Two years ago, they both attended the FIRST Robotics Competition and Zac asked if he could get involved. Through her research, Michele discovered STEAM Works and C.R.A.B. was born.

C.R.A.B. had some fun with the Star Wars sponsorship, creating CRABtroopers carrying LAMPsabers, along with their project theme “Join the Dark Sky.”

For their research project, C.R.A.B. initially looked into light pollution, narrowing their focus to the effects on bats specifically, inspired by one of the 2020 robot missions. Throughout the process, the team talked to representatives from the City of Huntsville, Huntsville Utitlies, the U.S. Forestry Service, Jeff Benton Homes, and the Von Braun Astronomical Society.

Team member Zac Keepers said Huntsville City Councilwoman Frances Akridge shared some of the city’s future streetlight plans with the team.

“Field trips” for the team also included visists to the Cave Springs Bat Cave and the Von Braun Center after the arena installed new LED lights.

But FIRST isn’t just an after school activity – some students have exposure to FIRST during the regular school day.

Robo Rangers

Walnut Grove Elementary Librarian Holly Whitt coaches the Robo Rangers.

For their research project, the team came up with a unique way to solve the issue of litter on the Flint River – a prototype scooper robot controlled by kayaks – as somebody moves a kayak, a radio signal moves the robot.

Whitt said the ultimate goal was to got the community who loves and cleans up rivers behind the project.

For the robot game, Whitt hoped the team would learn more with the robot, specifically using light sensors to follow lines on the playing field and utilizing multitasking to complete multiple parts of a mission at the same time.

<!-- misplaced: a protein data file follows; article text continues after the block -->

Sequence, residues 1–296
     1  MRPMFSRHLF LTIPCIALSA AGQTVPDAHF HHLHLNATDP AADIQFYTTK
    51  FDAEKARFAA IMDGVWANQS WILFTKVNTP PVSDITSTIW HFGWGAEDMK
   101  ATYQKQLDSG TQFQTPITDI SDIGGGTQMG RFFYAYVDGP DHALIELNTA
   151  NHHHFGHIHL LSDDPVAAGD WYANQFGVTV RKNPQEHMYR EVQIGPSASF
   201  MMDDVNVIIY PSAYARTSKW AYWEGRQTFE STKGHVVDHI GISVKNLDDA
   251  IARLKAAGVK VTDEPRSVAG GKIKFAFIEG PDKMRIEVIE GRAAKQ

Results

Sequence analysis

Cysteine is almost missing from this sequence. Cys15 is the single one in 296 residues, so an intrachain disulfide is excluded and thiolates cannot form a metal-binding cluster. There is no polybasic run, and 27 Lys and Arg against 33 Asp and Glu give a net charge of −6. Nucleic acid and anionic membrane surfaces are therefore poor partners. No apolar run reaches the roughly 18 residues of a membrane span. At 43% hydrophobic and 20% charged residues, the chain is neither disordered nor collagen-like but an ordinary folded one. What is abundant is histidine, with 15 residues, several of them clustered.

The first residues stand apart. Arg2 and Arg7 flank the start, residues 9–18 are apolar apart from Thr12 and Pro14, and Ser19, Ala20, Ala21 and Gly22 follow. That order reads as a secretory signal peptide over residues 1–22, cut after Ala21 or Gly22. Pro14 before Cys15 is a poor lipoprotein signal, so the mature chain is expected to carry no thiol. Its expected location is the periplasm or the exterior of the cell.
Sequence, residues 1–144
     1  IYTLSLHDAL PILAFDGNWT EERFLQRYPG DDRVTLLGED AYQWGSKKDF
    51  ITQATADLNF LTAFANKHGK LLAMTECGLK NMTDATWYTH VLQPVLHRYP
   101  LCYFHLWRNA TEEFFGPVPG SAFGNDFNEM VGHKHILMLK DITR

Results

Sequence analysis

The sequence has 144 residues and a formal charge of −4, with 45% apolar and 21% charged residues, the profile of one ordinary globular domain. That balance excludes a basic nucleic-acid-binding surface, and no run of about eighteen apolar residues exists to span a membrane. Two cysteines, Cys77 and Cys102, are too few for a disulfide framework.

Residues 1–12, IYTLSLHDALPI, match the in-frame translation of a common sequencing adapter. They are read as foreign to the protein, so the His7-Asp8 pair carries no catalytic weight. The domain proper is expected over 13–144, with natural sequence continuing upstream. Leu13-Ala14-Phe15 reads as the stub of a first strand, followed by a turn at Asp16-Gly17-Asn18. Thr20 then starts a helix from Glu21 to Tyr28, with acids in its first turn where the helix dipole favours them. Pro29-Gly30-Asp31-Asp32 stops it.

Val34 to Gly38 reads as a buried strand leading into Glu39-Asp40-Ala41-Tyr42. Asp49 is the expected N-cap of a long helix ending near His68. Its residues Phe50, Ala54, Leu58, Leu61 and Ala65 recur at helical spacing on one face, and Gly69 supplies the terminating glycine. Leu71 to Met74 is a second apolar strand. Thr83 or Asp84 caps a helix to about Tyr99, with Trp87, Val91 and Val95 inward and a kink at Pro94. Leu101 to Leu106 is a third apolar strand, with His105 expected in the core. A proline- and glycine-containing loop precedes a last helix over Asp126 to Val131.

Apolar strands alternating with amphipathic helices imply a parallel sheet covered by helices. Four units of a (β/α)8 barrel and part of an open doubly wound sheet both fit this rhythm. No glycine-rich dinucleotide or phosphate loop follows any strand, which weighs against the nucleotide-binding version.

Robo Rangers spoke with Madison County Commission District 1 Commissioner Roger Jones and representatives from Keep Alabama Beautiful.

Whitt said the team loves working together and the senior team members help the rookies just as much as the rookies help the senior team members.

At qualifiers, the team received the Project Award, Coach Award, and got the most points in the robot game.

While they didn’t win at state, Whitt said the team met the goals for the season.

Three of the team members said while the competition is fun, it’s definitely full of challenges, especially when working with light sensors.

Whitt noted one area of improvement for next year’s team – simplifying the programming code.

Whitt said the team is looking at using My Blocks, which will make code changes easier, with fewer opportunities for the program to fail.

Teams will begin preliminary planning for the 2021 season in March, when the theme will be released. However, full details won’t be released until August.

Despite the delay, all teams work year-round to keep improving.

To get involved with FIRST, visit the FIRST website. The website also has more information on volunteer opportunities, starting a team, and a directory of existing teams.

Due to privacy concerns, FIRST said it doesn’t match children to existing teams. If you’re interested in having your child join an existing team or starting one, you can contact your child’s school, library, or other youth organization for information on an existing team or seeing if there’s interest in starting one.